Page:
Funny, Shazia Mirza looks Muslim...
Her religion doesn't preclude making jokes onstage, British stand-up comic says
At first, it's a bit shocking to see Shazia Mirza onstage in hijab, the head scarf that pious Muslim women wear to cover their hair. Isn't Mirza supposed to be a stand-up comic? Isn't Mirza -- a smart (and smart-alecky) 27- year-old Londoner with a master's degree in biochemistry -- supposed to be a liberated woman?
Mirza, whose parents are from Pakistan, is adamant (in a funny way) that her appearance is simply reflective of her religious ethos and that there are no contradictions between this ethos, her modern sensibilities and her proven ability to make people laugh.
"I totally believe in my religion," says Mirza, who is making her U.S. comic debut Saturday night at the "Funny Girlz" event in San Francisco. "I think if I were a practicing Muslim and a stripper, then there would be a problem. But there isn't a problem with me being a practicing Muslim and a stand-up comic."
Promoters often bill Mirza as "the world's only female Muslim comic" -- a title that guarantees an audience for her biting, deadpan observations that frequently refer to the Muslim world and her day-to-day life:
-- About the male gaze: "I was walking past this building site in Mecca when a group of Muslim builders shouted, 'Show us your . . . face.' "
-- About arranged marriages: "My friend Julie says, 'How can you sleep with someone you don't know?' -- but she does it all the time."
-- On the search in Iraq for Saddam Hussein's weapons of mass destruction: "Look up his wife's purdah (dress), because nobody looks up there."
Shortly after the Sept. 11, 2001, terrorist attacks, Mirza captured laughs this way: "My name is Shazia Mirza. . . . At least that's what it says on my pilot's license."
Mirza has been doing comedy for only three years, but she has already become one of England's best-known comedians, and her increasing bookings beyond Britain (she's already performed throughout Europe) have fans predicting big things for her. Yet Mirza's life is not without reminders that some people -- including her parents -- are reluctant to see her on public display in a profession that can be rough. Beyond heckling, Mirza must endure occasional threats from those (often Muslim men) offended by her act.
During a show two years ago, three men jumped onstage and attacked Mirza after she recounted the time in Mecca when a man touched her inappropriately: "I felt a hand on my bottom. I ignored it. I thought, 'I'm in Mecca. It must be the hand of God.' "
The men said she was a disgrace to Islam and shouldn't be onstage because of her gender. The incident made Mirza more resolute about her newly chosen field, though she took a month off from performing and continues to get occasional angry notes.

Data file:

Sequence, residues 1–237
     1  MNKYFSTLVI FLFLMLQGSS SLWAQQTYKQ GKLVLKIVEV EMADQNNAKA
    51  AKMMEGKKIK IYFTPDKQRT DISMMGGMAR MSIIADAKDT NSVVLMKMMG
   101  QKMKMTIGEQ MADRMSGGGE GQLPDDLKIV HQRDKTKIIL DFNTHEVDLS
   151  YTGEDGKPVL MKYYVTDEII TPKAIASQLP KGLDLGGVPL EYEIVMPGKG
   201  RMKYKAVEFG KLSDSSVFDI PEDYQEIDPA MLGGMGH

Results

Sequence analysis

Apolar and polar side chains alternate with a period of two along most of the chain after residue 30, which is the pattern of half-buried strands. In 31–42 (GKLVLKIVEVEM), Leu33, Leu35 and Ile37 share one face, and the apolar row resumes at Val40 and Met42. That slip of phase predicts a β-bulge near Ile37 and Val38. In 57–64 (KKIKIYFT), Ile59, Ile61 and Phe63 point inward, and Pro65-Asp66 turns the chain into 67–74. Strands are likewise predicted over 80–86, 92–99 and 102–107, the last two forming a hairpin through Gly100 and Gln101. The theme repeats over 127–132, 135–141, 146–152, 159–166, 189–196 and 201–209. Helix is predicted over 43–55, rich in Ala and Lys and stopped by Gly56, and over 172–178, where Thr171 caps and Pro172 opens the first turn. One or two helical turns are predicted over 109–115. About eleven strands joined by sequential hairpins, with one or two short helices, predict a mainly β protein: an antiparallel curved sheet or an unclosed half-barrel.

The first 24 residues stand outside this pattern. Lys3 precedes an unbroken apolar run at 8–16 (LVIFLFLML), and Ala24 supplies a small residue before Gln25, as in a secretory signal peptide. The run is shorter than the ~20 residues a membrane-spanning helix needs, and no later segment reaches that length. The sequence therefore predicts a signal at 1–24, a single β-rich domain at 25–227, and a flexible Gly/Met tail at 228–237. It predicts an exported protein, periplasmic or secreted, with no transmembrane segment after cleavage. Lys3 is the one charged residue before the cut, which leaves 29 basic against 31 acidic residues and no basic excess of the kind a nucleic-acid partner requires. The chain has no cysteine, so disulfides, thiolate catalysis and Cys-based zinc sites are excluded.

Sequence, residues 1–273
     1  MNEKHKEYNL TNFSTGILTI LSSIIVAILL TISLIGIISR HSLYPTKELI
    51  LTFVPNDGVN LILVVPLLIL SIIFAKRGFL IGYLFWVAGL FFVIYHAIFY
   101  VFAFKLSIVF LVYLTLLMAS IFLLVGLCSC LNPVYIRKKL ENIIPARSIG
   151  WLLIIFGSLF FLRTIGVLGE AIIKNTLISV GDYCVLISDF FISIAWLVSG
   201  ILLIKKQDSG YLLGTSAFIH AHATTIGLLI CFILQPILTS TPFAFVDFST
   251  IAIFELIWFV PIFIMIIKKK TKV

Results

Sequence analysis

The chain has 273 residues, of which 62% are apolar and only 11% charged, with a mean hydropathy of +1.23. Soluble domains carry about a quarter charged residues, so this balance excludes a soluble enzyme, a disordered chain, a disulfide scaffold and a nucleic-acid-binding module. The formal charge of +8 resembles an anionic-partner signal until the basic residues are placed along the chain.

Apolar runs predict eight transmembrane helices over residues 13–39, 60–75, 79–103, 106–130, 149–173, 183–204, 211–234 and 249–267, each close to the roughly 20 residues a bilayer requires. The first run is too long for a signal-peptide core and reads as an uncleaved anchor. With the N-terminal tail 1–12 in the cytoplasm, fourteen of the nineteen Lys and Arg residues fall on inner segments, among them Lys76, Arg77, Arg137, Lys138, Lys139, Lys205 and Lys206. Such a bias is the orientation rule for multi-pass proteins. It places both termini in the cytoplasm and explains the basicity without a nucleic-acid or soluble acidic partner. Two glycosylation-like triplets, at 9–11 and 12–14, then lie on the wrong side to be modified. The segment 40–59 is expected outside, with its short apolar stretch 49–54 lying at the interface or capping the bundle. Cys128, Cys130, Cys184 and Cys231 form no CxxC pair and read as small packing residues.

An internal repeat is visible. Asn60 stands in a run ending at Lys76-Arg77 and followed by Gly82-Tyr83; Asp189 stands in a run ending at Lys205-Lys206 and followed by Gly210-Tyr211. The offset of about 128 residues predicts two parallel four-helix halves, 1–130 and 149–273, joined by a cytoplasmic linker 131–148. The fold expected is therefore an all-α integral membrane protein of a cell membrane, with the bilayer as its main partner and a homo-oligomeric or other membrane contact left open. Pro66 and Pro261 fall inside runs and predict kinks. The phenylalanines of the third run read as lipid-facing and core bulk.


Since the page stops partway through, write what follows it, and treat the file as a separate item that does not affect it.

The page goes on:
"I've had nasty e-mails from Muslim men and other threats, but they're really from fundamentalists -- it has nothing to do with Islam," she says in her distinctive British accent. "They believe in limiting women under Shariah law, which was how women in Afghanistan were living under the Taliban."
Mirza took a circuitous road to stand-up comedy. She was raised by traditional Muslim parents in multicultural Birmingham, Britain's second- largest city. At an early age, she wanted to be an actress and knew she had a gift for humor, but her immigrant parents (who, she says, "never laugh") insisted that she become a doctor, so Mirza compromised. She got two degrees in biochemistry, then taught science at a high school -- while simultaneously going to drama school and taking a stand-up comedy writing course.
Her brusque students forced her to learn how to be sharp and witty to maintain their attention. Her drama and comedy lessons taught her to mine her life for material and to give performing a chance. A comic was born, albeit one who wears a scarf that instills a powerful reaction in audiences.
"The image people have of Muslim women that cover their hair is they're oppressed and have a hard life," she says. "It confuses people that I wear it and am funny. It breaks down stereotypes."
Mirza regularly wears hijab outside of comedy (though not all the time), prays at her local mosque, doesn't drink alcohol and has gone to Mecca on religious pilgrimage. Her appearances on TV and growing reputation have given her a kind of role-model status among many Muslim girls and women in Britain. And though Mirza is flattered by the attention, she insists that she doesn't want to be known only as "a Muslim comedian." She pokes fun at many different subjects.
"I have so much more to talk about than just being a Muslim woman," Mirza says. "I live my life just like anyone else. I play tennis. I go swimming. But that's still interesting for people to hear about because they've never really had firsthand insight into a Muslim woman who talks about life onstage, in a funny way."